Childhood parasites: night terrors in children

We have already talked in previous posts about children's parasomins more frequent as sleepwalking and nightmares in children.

Today we are going to focus on night terrors, which although often confused with nightmares, have significant differences.

Unlike nightmares, night terrors do not cause the child to wake up. Although he seems awake and has his eyes open, he is actually asleep while they occur.

Night terrors usually occur in children from three years and tend to disappear into adolescence. They are relatively rare, affecting about five percent of children, while virtually all children have a nightmare from time to time.

What are night terrors and their causes

The night terrors they are not caused by dreams that produce fear. To understand them better it is important to know when they occur.

Occur during deep sleep, two to three hours since the child falls asleep, in the non-REM sleep stage, while nightmares occur during the REM sleep stage Rapid Eye Movement o Fast eye movement).

Let's say it is a partial awakening during a stage of deep sleep. That's why they stay awake but are really asleep.

The night terrors they are sudden reactions of fear that take place precisely in the transition from the deepest sleep phase to the most superficial sleep, from the deepest non-REM sleep phase to the most superficial REM sleep phase, the stage in which dreams occur.

Generally, this transition usually occurs smoothly, but it is believed that due to hyperactivation of the central nervous system still immature, which regulates brain activity during sleep and wakefulness, it sometimes occurs turbulently.

The child gets scared, is disturbed, is agitated, his heart rate accelerates, he starts to sweat, sob or scream in anguished manner. There are children who sit on the bed and even get up and run in terror throughout the house. Trying to reassure him does not react.

After a few minutes he calms down and continues to sleep peacefully without waking up completely. Upon waking up, the boy don't remember what happened at all.

Night terrors are more frequent in tired, stressed, sick children, those who sleep in a new environment or away from home and those who take a new medicine.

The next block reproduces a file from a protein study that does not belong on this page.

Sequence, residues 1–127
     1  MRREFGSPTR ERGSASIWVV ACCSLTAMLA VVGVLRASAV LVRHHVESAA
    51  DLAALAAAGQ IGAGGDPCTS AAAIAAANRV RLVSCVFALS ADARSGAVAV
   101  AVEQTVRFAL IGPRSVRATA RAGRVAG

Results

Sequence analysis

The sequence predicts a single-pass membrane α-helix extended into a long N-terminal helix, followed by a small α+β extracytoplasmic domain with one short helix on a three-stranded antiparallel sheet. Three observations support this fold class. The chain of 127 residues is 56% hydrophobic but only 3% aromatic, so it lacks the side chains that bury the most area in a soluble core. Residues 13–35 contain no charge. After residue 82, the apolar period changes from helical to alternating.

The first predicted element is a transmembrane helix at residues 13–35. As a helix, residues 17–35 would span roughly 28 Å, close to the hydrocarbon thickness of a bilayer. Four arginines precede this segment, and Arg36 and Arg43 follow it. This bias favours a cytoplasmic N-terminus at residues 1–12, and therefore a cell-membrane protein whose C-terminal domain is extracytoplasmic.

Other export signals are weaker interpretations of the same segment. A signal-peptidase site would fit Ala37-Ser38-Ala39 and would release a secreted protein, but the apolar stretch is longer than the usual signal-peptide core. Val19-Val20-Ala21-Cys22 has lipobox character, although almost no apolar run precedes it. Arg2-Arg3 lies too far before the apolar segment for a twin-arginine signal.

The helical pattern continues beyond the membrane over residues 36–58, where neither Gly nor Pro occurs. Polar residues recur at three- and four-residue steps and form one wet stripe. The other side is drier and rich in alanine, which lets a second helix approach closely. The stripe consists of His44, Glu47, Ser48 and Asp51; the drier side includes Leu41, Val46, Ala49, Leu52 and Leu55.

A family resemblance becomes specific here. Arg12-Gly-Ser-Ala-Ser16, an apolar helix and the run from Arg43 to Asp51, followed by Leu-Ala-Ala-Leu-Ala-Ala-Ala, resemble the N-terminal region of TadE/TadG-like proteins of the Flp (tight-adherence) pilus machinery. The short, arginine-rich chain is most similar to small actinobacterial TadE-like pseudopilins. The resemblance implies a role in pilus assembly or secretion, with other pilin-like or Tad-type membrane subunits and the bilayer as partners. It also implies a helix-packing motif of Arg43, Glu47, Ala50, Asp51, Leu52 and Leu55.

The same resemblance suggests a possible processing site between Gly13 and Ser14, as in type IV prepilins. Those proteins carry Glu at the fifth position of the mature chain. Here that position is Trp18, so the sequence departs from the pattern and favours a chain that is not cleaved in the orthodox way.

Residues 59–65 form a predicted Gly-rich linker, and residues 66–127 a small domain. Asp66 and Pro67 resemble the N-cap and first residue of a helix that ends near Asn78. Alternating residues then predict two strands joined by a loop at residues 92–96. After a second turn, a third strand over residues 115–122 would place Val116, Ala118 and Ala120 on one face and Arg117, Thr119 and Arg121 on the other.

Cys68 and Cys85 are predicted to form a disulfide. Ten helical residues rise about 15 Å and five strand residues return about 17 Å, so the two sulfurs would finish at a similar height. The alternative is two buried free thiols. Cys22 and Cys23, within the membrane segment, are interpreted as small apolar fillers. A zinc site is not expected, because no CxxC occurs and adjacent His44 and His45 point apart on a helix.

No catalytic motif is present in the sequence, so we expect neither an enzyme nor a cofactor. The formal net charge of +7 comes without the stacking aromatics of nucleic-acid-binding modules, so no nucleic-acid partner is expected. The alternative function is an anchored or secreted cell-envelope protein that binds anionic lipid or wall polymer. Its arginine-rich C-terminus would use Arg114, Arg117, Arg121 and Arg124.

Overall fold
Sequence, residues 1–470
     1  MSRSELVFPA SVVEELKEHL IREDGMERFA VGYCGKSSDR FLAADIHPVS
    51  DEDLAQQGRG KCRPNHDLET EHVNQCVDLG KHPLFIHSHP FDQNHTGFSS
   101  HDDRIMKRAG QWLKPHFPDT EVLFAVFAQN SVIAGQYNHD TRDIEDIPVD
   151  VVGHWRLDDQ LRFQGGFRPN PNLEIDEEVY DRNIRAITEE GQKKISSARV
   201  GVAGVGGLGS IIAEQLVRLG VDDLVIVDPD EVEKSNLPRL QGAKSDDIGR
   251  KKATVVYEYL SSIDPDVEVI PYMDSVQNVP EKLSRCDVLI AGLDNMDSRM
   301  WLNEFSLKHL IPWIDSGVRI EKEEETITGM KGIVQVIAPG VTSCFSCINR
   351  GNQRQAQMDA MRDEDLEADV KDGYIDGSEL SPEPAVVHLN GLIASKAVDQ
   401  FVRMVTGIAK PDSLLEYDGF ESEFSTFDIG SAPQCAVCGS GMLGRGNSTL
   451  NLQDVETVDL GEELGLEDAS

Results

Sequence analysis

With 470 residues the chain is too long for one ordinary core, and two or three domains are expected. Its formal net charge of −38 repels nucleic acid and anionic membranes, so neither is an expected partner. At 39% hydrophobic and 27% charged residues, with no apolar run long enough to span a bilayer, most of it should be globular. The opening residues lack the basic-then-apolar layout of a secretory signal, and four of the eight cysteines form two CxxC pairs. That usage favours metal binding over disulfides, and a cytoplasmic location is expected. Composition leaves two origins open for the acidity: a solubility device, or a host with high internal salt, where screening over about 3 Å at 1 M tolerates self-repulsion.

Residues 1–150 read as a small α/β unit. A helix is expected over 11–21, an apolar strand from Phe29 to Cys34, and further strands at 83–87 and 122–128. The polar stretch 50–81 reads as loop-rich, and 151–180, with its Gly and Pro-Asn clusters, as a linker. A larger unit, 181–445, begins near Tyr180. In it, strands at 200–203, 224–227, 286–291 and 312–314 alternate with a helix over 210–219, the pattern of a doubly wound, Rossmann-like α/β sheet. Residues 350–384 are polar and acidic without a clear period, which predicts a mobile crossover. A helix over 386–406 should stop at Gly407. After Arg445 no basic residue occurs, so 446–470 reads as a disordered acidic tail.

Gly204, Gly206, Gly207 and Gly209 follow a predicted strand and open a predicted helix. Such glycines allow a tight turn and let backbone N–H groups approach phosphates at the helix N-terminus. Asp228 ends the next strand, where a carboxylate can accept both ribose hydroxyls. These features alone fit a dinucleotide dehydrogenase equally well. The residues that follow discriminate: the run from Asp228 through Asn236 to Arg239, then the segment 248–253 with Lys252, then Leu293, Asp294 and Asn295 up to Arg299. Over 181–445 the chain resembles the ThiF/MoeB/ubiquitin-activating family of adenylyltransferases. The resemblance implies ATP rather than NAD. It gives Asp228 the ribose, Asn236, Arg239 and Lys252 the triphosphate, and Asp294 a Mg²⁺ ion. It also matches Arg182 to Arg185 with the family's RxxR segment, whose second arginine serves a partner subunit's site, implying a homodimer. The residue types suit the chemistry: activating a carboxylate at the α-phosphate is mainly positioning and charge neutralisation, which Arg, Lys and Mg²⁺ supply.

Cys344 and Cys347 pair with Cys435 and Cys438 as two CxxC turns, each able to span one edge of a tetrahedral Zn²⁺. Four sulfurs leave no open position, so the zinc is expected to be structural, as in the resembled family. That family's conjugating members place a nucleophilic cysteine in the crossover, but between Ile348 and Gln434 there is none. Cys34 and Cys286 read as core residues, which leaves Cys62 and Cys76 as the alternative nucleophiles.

It is also believed that there may be a genetic component, since in 80 percent of cases, parents of children with night terrors have also experienced them in their childhood. Although they are disturbing episodes, they have no traumatic or lasting effects on the child.

What to do if the child has night terrors

It is a very distressing situation for parents, and also of helplessness, seeing that their children feel fear and can do nothing to comfort them.

The child should not be woken up during the night terror or try to immobilize him. It will only get you confused, you will feel disoriented and it will cost you to fall back to sleep.

Instead, you have to keep an eye on him, make sure that no damage is done and wait a few minutes for the episode to pass. You probably won't notice the presence of the father or mother, and you can even try to push him away.

What can be done, as far as possible, to try to prevent them is basically the same as we have said in the case of sleepwalking or nightmares.

Try to make the environment before going to sleep as relaxed as possible, avoid too much excitement or violent stimuli, reduce the stress that the child may be subjected to, establish a routine at bedtime and get enough sleep.

In childhood you can experience a single isolated episode of night terror or several, but usually disappear as the child grows and the nervous system is maturing.

If the child had night terrors frequently it is recommended to consult with a sleep specialist.

We hope this series about infantile parasomnias in which we have dealt with sleepwalking, nightmares and night terrors find it useful to help your children in case of suffering them.

Just remind you that the dream in childhood is a complex process and that our children need all our patience and understanding to be as pleasant as possible.

Photos | slightly everything and Pink Sherbet Photography on Flickr More information | Sleep Institute In Babies and more | Night terrors and nightmares of children. How to distinguish, Nightmares and night fears

Video: Learn how to help your child cope with sleep terrors (February 2020).